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McAleer is a guest reviewer for Catholic News Service.
NEW YORK (CNS) — The idea behind Rock the Kasbah (Open Road) is that cheerful, wisecracking show-business survival skills can overcome peril in exotic settings.
It’s a cherished old notion. Decades ago, it worked for Bob Hope and Bing Crosby in their “Road” comedies — films that portrayed any foreign culture the boys happened to pass through as inherently funny.
Such a dubious premise can hardly survive in a modern context. So it’s no surprise that director Barry Levinson’s story about fast-talking, down-on-his-luck music manager Richie Lanz (Bill Murray) — who’s off on the road to Kabul, Afghanistan, and having a wonderful time — reeks of all sorts of unpleasantly outdated thinking.
Screenwriter Mitch Glazer’s script trivializes the violent horror of war, for starters. It also stereotypes devout Muslims as latent murderers. And that’s not to mention the pervasive corruption of Afghan society whereby no one is willing to do the right thing without cynically demanding a percentage of the resulting spoils.
The first two items probably weren’t on Glazer or Levinson’s conscious agenda. But viewers won’t need an excess of political correctness to feel the jarring potholes along this bumpy journey — or to recoil from one-liners that land like dud shells.
Working out of a crummy motel-room office in Van Nuys, California, veteran manager Richie appears to have reached the end of his run, but refuses to admit it. “This is not forever,” he tells one of his clients, lounge singer Ronnie (Zooey Deschanel). “This is right now.”
Opportunity arrives with the offer to Ronnie of a USO tour in Afghanistan. Despite Richie’s assurance that Kabul is “like Aspen, only in wartime,” Ronnie is so horrified at the mere sight of turbaned men that, with the help of mercenary Bombay Brian (Bruce Willis), she quickly bolts from their hotel, taking Richie’s passport and all his money with her for good measure.
Two rogue — and transparently dishonest — arms dealers, Nic (Danny McBride) and Jake (Scott Caan), propose a deal to remedy the situation. They’ll get Richie a temporary passport and considerably more money if he’ll just make a quick weapons run to a warlord’s militia. Naturally this effort, too, goes astray, leaving Richie stranded in the wilderness.
There, on a moonlit night, he hears the pure voice of Salima (Leem Lubany), a teenage Pashtun girl, singing “Trouble” by Cat Stevens (now Yusuf Islam). Surely this is fate?
“Allah gave me this voice,” Salima tells Richie. “It’s a gift,” he agrees. “But I want 20 per cent.”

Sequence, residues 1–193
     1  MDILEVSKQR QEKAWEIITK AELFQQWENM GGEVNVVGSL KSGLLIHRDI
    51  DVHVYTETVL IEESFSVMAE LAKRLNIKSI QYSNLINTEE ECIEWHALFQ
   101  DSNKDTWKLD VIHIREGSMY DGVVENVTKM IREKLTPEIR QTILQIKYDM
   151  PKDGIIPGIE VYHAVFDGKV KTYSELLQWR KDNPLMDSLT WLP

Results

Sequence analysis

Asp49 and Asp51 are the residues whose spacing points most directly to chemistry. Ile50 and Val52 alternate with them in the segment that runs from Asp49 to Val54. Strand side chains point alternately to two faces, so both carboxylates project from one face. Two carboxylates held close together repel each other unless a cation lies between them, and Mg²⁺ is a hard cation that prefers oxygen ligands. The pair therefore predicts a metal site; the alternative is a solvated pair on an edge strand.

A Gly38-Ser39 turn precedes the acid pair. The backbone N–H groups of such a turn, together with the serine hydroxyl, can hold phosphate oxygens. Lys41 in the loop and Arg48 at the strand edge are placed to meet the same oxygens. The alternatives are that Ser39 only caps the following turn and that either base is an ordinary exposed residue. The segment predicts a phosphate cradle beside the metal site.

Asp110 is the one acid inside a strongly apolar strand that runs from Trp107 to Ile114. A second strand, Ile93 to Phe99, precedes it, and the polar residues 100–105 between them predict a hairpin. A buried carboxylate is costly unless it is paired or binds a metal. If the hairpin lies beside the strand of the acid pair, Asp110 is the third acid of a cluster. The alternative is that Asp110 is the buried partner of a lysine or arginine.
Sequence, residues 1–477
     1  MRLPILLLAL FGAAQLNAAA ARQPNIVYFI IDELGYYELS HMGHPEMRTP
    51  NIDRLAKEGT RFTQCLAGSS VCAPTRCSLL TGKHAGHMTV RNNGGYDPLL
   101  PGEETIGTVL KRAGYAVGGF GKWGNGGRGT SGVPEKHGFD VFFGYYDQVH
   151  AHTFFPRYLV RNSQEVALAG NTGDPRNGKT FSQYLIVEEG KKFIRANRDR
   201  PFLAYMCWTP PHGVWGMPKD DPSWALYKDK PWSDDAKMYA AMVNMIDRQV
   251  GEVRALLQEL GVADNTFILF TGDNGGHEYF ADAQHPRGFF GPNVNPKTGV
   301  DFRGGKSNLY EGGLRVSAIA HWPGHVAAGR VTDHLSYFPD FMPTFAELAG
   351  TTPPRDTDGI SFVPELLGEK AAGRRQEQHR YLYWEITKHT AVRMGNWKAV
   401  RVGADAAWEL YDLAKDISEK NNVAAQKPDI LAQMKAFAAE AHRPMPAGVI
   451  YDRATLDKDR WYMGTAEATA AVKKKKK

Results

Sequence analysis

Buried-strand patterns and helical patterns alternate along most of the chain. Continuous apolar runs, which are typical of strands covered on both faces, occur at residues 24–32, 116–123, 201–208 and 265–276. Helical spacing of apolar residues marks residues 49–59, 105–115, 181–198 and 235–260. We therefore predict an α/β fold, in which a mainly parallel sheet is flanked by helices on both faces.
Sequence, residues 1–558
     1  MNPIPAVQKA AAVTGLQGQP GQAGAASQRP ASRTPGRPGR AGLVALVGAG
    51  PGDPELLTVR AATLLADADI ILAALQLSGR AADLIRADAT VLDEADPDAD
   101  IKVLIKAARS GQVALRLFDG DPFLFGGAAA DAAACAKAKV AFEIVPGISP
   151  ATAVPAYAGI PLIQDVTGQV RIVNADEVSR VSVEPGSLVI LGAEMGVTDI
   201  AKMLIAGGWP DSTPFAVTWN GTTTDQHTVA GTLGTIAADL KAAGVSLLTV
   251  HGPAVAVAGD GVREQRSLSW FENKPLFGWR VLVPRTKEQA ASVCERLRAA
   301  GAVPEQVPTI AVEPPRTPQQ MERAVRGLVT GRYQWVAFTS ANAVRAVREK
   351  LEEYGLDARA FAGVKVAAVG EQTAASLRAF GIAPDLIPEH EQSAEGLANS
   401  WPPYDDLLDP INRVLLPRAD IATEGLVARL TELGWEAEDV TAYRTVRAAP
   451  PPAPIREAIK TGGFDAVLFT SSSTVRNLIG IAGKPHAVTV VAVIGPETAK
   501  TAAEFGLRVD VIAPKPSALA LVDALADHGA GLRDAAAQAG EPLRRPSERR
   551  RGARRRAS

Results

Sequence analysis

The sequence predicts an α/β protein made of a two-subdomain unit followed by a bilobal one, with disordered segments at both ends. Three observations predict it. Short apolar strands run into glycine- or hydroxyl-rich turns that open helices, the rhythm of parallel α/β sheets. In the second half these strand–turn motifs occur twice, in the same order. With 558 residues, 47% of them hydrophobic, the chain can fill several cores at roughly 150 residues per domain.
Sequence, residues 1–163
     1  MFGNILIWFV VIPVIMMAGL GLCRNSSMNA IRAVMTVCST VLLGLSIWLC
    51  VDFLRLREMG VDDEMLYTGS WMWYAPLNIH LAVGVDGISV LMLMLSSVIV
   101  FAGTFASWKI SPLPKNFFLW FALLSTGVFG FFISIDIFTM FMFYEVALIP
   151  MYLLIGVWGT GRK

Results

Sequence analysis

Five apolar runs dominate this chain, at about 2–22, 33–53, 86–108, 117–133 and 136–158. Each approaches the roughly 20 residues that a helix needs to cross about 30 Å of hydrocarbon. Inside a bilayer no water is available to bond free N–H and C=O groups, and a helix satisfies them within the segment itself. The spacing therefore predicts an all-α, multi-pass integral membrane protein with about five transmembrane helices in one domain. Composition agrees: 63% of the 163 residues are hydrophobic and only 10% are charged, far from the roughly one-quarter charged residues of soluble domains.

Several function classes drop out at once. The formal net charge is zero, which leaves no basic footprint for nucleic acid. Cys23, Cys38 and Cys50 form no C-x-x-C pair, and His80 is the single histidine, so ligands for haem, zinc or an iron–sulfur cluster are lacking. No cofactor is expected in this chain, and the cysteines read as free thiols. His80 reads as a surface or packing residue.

Richie spends the rest of the film angling to have Salima appear on — and win — “Afghan Star,” the local version of “American Idol.” To do so, he has to tackle her conservative family as well as the cultural taboo against women singing in public.
He’s aided in these efforts by Merci (Kate Hudson), a goodhearted prostitute whose kindly nature doesn’t prevent her from demanding a considerable share of Salima’s winnings for herself.
“We have a saying,” Richie slickly informs a group of Muslim elders. “The Lord works in mysterious ways.”
Equally opaque, it might be pointed out, is the reasoning that led to this comedy’s existence.
The film contains scenes of drug use, verbal and visual references to sexual activity, fleeting profanities and frequent crude and crass language. The Catholic News Service classification is A-III — adults. The Motion Picture Association of America rating is R — restricted. Under 17 requires accompanying parent or adult guardian.
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Jensen is a guest reviewer for Catholic News Service.
NEW YORK (CNS) — Coming across the title Jem and the Holograms (Universal), those unfamiliar with the source material — an animated television series from the 1980s — might assume this is a sci-fi-oriented action-fantasy with a youngish heroine. They would be half right.
Although technology figures prominently and the female protagonist behaves courageously, this live-action picture is actually a coming-of-age musical about a girl band. What empowers the title character is her willingness to express herself creatively and take control of her destiny, not feats of derring-do or the ability to harness gadgets.
Jerrica Benton and her younger sister Kimber (Stefanie Scott) are orphans living with their Aunt Bailey (Molly Ringwald, a coming-of-age screen icon from an earlier generation) in a central California town. Bailey also has raised two foster children, Shana (Aurora Perrineau) and Aja (Hayley Kiyoko). The four girls are talented musicians, adept at vocal harmonization and brimming with style and personality.
One day Jerrica, who’s shy about her abilities, records herself playing the guitar and singing a ballad she’s composed. Using the moniker Jem — the nickname her late father bestowed — she keeps her real identity a secret. When, unbeknown to her, the video is posted on the Internet and goes viral, Jem becomes an instant sensation.
Erica Raymond (Juliette Lewis), a rapacious and snarky music producer, wants to turn her into a superstar, but Jerrica insists she and her three sisters are a package deal. The four young ladies go to Hollywood where Erica and her male intern, Rio (Ryan Guzman), set about making them into a pop band led by the mysterious Jem, who resembles a cross between Taylor Swift, Katy Perry and David Bowie in his glam-rock days.
Jem brings along her most treasured possession — a pint-sized robot that her father, an inventor, built. This impish machine, called Synergy, provides a direct link to the past and leads the girls on a kind of treasure hunt throughout Los Angeles, where Jerrica and Kimber were born.
Aubrey Peeples exhibits great poise and likability in the title role. She’s intelligent, kind and fetching, plus she has the singing chops and musicianship to give her performance authenticity. It’s easy to believe this Jem could inspire individuals who lack confidence, are isolated or feel marginalized.